A Constant in Changing Times
In three decades of industrial ethanol production in the U.S., there is really only one summation that can be made with total accuracy—nothing ever stays the same. Policies change, prices skyrocket and drop, some technologies advance while others become obsolete, new competitors emerge. The volatility and thin margins of the industry have taken their toll on a number of companies through bankruptcies, mergers and reorganizations. But other members of the ethanol industry have had the good fortune to travel down a different production path.
Near Hastings, a community of about 25,000 people nestled amid the seemingly endless corn fields of south-central Nebraska, Chief Ethanol Fuels Inc. has been steadily churning out ethanol since late 1984. The oldest dry-mill ethanol facility in Nebraska, Chief Ethanol celebrated a milestone earlier this year when it produced and sold its billionth gallon of ethanol in February. For a plant that began operations with just 10 million gallons of capacity, reaching the billion-gallon mark is quite a feat. So, considering its humble beginnings, and the wild swings of the industry, we just had to know: What’s their secret?
“We expect times to change,” says Duane Kristensen, Chief Ethanol’s general manager. “We’ve been through the markets enough to know that when things are at their darkest it’ll get better and when things look bright there’s probably something that’s lurking out there that’s going to come back.” Kristensen joined Chief Ethanol in its early years of operation (he’ll celebrate his 25th employment anniversary later this year) and has served as general manager of the plant since 2004. He’s seen the plant through multiple technology and capacity upgrades, ramping from the initial 10 MMgy to its current capacity of 70 MMgy, and says the constant effort to strive for improved production plays a large role in the plant’s success. “We run an efficient plant,” he says. “We’re a continuous-flow Vogelbusch-designed plant. I think we know what our capabilities are, or have a good idea of them, and that enables us to have some flexibility.”
Nebraska’s first ethanol plant opened its doors in December 1984 under the ownership of American Diversified Co. The 10 MMgy plant would be a small mom-and-pop shop in today’s industry, but back then it was a large facility, Kristensen says. Because it was the first ethanol plant to establish itself in Nebraska, would-be customers were unfamiliar with the products it produced, and those in charge of marketing found themselves in uncharted territory. “When we first started, there were no distillers grains here,” Kristensen says. “We were the first facility in Nebraska, and one of the first west of the Mississippi, as far as dry mill ethanol facilities, so we had to go out and develop our own feeding relationships and also our own alcohol markets. The ethanol board in Nebraska has been very supportive of our industry and helped us out a lot, but we got out there in some of the terminal sites and had a presence much greater than what it would reflect today because now, ethanol is a legitimate product in the fuel supply. Twenty-five years ago it was a struggle sometimes just to get it included in the gasoline.”
Keeping on Top of Technology
Rough markets made the first five years or so of the plant’s existence a bit of a struggle, Kristensen admits. “It was pretty dark and dismal there for a little bit in the late ‘80s when fuel prices were cheap,” he says. “Oil prices were cheap and fuel was cheap and ethanol was just a gasoline additive—used as a replacement for lead and as an octane enhancer. Ethanol was a pretty small, almost niche industry at that point in time.”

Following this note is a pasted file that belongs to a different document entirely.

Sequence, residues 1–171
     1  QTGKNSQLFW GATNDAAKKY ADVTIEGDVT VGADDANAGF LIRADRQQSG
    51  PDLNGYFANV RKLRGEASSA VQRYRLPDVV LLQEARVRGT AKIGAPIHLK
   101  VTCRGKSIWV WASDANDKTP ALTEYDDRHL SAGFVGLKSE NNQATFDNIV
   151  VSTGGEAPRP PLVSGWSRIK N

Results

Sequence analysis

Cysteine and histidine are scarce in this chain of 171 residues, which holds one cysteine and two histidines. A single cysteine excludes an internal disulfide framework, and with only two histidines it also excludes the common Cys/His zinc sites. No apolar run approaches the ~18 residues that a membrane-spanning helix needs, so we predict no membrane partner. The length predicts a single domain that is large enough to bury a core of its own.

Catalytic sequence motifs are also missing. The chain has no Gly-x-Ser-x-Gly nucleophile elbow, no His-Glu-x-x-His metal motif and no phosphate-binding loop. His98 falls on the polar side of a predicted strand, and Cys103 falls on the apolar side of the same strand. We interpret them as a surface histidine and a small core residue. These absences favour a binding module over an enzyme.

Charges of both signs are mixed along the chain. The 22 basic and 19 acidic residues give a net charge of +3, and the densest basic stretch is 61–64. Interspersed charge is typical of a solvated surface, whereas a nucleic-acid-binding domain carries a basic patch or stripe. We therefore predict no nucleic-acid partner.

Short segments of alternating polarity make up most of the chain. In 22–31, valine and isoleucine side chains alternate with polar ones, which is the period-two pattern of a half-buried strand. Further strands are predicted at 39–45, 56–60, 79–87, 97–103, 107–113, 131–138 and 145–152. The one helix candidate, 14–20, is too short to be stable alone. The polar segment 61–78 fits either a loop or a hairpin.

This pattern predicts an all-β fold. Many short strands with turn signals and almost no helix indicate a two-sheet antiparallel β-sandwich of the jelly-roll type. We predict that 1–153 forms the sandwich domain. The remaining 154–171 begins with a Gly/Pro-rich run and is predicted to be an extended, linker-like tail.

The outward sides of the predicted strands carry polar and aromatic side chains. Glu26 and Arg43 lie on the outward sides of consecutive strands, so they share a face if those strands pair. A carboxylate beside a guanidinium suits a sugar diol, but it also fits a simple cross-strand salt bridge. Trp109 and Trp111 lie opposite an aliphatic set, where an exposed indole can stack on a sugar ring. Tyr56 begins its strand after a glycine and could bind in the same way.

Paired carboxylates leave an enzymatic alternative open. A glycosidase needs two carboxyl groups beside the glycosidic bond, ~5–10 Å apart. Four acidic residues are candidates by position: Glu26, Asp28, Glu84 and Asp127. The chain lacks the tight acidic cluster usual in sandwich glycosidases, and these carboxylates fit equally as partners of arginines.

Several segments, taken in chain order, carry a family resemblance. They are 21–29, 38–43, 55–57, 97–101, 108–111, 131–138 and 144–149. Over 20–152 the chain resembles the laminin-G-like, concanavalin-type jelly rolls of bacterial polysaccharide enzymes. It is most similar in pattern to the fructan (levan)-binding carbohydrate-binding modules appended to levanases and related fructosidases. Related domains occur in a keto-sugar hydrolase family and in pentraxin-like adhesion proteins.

All that soon changed. In 1990, Chief Ethanol, a wholly owned, independent subsidiary of Chief Industries Inc., stepped in to purchase the plant. Shortly after plant ownership changed hands, the U.S. entered into the first Gulf War and Chief Ethanol soon began work to increase its capacity in response to spiked interest in ethanol stemming from concern over oil supplies. “That had a major impact because oil prices shot higher. It was very good returns almost immediately when Chief stepped in,” Kristensen says.
The first major expansion, complete in 1993, increased the capacity to 28 MMgy and included the installation of molecular sieves. This was a marked improvement over the previous process, making production easier and enabling the industry to move forward, Kristensen says. Other significant expansions were carried out in 1996, 1999, and about every three years thereafter as various technologies became available to improve the production process. “It’s easy enough to add some of the better technology as we move forward,” Kristensen says, dispelling any claims that older plants can’t compete with newly built facilities. “If the technology’s available the older plants can certainly incorporate it, and that’s more or less what we did. You find out what your bottleneck is and then you work on that to achieve some better efficiencies and that type of thing. You stair-step it through.”
Chief Ethanol has been able to accomplish what every ethanol producer knows should be done—implementing technology innovations as they become available in order to stay on the cutting edge of production and remain economically competitive, says Brian Jennings, executive vice president of the American Coalition for Ethanol. Chief Ethanol has been a member of ACE since 2005 and Kristensen has served on its board of directors since 2007. “Duane, like many of the ethanol producer general managers I visit with, is constantly examining opportunities to innovate through technology improvements,” Jennings says. “Part of the success of this plant is that they’ve had a group of long-term employees with a commitment to long-term success, and they’ve worked as a unit to identify how and when to innovate.”
Making Cents Count